Ben Wicks, Canadian Cartoonist, Author and Literacy Advocate
10 December 2004
You won’t find the distinctive art of the late Ben Wicks in the comics pages any more, you won’t find his writing in the editorial pages, but you will find the extraordinary cartoons of the creative genius in a series of literacy books and promotions, helping both young and old to learn the indispensable skills of reading.
Ben Wicks was born in 1926 in London, England. His parents were of the working class. His father and his mother, a typesetter and a cleaning woman, were both employed at The Mirror newspaper. After London was bombed during WWII, the young Cockney-accented young man quit school, jumping into work. His first job was as a shipping clerk at 14 years old. *(1)
The future held a number of jobs for Ben, a small, wiry man with lots of charm and spunk: window cleaner, janitor, purse maker, electrician’s helper, clog maker and many others. He and his wife, Doreen, emigrated to Calgary, Alberta, Canada in 1957 with only $25 to their names. While she worked as a nurse, he worked for a short time as a milkman, then joined the Canadian army, serving as a musician for three years. Earlier, Ben had taken a not-so- successful evening art school course. Apparently, he had trouble with drawing; he was told that he should give up art and find something different. *(2)
Not one to easily surrender a good idea, Ben gave cartooning a shot when he was nearing the end of his military duty. He studied the techniques of drawing and of marketing his work, and sent off his initial efforts to the Saturday Evening Post. The prominent magazine must have recognized his talent immediately - they were interested in purchasing three of his cartoons. Their only stipulation was that they did not buy the art of an unknown source and needed references. Ben complied, but not in the fashion the magazine would want. As noted on regionalmapleleaf.com, he took “about five minutes to fake some letters of reference.” His career as an outstanding cartoonist had begun.
With little kids in tow, the Wicks family moved to Toronto in 1963 to enable Ben to accept a job with the Toronto Telegram. His cartooning blossomed. He developed a comic strip entitled “The Outcasts” that appeared in 52 Canadian newspapers, and cartoon panels that ran in almost 200 newspapers internationally. Ben's popular style was distinctly recognizable, and his sense of humour as unique and funny as the man himself.
The co-author of several books, Ben collaborated with Maggie Siggins on the satirical “How to Get a Man” and with Peter Worthington on a cookbook, “The Naked Gourmet”. Both feature Ben’s delightful artwork. He also joined with his daughter, Susan, on a series of kids’ books.
The “Katie and Orbie” series encompassed issues of the environment and conservation in an enjoyable, entertaining form. The books were so popular that “Katie and Orbie” became a television series narrated by the renowned actor Leslie Nielsen. Initially on PBS, it is still shown on a number of tv channels.
Books authored by Ben himself include "Ben Wicks Canada," "The Boys Came Marching Home," "Ben Wicks Book of Etiquette," "Book of Losers" plus others including collections of his cartoons. Ben also hosted a talk show on Canadian television in which he interviewed the international celebrities of the day, such as actress Ingrid Bergman and mountaineer Sir Edmund Hillary.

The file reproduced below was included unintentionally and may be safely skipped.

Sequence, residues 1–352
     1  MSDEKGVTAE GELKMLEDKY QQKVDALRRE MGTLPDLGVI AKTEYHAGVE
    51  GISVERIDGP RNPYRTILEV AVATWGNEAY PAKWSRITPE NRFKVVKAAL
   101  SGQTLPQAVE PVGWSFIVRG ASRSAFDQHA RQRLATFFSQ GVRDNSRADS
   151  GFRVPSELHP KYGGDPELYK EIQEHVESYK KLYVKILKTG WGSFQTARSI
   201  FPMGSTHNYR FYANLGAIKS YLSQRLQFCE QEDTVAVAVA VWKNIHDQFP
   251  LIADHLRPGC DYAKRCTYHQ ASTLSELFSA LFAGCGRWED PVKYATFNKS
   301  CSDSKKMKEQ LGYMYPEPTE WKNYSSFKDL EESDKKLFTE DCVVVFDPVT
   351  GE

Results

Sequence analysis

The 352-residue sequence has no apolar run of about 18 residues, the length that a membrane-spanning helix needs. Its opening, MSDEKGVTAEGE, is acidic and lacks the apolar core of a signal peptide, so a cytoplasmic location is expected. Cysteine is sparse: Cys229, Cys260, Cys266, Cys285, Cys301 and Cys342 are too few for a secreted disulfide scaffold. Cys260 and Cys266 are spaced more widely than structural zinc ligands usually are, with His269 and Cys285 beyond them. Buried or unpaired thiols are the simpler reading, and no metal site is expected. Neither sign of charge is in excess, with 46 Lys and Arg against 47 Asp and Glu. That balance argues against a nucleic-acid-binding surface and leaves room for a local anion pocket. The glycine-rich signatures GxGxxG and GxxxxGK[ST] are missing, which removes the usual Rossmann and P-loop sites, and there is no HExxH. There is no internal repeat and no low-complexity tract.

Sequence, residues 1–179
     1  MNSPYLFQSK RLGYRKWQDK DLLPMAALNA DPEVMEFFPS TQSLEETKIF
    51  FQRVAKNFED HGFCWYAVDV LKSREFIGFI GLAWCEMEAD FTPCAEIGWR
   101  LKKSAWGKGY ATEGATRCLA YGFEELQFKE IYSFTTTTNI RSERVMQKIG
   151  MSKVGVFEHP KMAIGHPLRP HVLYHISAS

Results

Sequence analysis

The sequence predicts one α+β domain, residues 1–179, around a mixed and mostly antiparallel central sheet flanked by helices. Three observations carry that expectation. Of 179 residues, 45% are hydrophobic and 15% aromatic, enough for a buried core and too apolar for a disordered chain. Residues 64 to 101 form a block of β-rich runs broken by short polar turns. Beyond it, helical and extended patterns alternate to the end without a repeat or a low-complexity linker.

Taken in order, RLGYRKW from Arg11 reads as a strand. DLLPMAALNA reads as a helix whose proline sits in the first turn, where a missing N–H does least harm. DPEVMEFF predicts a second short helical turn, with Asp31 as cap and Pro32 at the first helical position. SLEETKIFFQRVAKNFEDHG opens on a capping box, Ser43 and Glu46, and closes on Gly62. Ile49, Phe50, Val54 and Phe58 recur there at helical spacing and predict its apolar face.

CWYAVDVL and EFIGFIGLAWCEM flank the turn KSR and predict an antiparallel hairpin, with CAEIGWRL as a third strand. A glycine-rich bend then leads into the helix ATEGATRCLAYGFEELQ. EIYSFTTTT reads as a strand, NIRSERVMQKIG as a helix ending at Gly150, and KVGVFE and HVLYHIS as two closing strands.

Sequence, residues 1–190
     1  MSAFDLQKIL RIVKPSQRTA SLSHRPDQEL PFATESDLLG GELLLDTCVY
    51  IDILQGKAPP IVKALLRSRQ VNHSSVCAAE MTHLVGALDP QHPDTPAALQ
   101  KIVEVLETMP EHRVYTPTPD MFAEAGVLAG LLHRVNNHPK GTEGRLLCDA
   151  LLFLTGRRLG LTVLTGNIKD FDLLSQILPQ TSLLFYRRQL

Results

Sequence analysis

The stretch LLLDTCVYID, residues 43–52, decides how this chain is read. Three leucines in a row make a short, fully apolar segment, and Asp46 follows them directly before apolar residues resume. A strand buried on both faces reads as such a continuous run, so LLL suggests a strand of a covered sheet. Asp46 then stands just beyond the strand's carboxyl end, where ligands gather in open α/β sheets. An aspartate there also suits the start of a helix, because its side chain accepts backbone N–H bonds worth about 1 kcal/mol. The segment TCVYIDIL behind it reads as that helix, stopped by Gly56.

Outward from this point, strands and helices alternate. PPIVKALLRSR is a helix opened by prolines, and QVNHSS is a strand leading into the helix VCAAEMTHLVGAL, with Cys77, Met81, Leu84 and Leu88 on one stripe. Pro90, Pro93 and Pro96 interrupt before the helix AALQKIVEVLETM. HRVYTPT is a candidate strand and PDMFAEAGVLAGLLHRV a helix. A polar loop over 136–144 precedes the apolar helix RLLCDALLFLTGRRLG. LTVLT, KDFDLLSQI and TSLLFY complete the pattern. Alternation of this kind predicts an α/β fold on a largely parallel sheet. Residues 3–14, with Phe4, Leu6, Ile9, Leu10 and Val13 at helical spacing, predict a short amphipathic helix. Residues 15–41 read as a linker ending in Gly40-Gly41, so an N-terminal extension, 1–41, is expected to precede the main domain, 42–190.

A staunch literacy advocate, Ben created the I.Can Foundation and website to promote reading world-wide. He wrote books, some of which were distributed free to hundreds of thousands of school children across Canada, including Born to Read, Elementary Safety Book for Children, Drug Facts for Young People and the Teenage Survival Handbook. Through the sponsorship of magazine publisher Regional Maple Leaf, annual contests are held for writers/artists to create updated versions of the important books. (See link below to find information about upcoming events and the artists/writers for the last several years.)
Canada’s highest honour for Ben's earlier humanitarian efforts was awarded to him in 1986. He was bestowed the Order of Canada for his work with Oxfam, with exposing the misery of Biafra War on the people of Nigeria and for organizing "Cartoonists for Africa" to fundraise during the Ethiopian famine.
Ben's wife was also a great humanitarian. Doreen founded "Gems of Hope", a charity that collected and sent medical equipment and supplies to needy countries around the world. She travelled the globe by herself, even to dangerous and war-torn areas. She was devoted to helping people in need, making sure supplies arrived at their intended destinations. Doreen received the Order of Canada for her work in 1989. She was appointed a Citizenship judge in 1997. *(3)
Ben Wicks died at age 73 on September 10, 2000, after a nine-month battle with an aggressive form of skin cancer. Doreen died at age 68 on March 1, 2004 from cancer.
Along with their three children, Vince, Susan and Kim, and eight grandchildren, Ben and Doreen Wicks leave behind legacies of deep concern for their fellow men and women, and charities that carry on to help others in dire need. Their works are wonderful gifts to the world, not only at Christmas, but any time of year.
Through Ben Wicks' vision, the joy of reading, and the lifetime of learning that reading brings, continues to be shared around the world.
The Ben Wicks "Born to Read Club". Go ahead and join - there
might be something of interest for you:
Read more about Ben Wicks and his work:
Read about the Ben Wicks contest and more about the cartoonist:
Information about Doreen Wicks (Scroll down to "Curtis" section and look for "A One Woman Relief Agency":
A listing of Ben's books:
|© Susanna McLeod 2004
(Originally published in The Cartoonists on suite101.com.)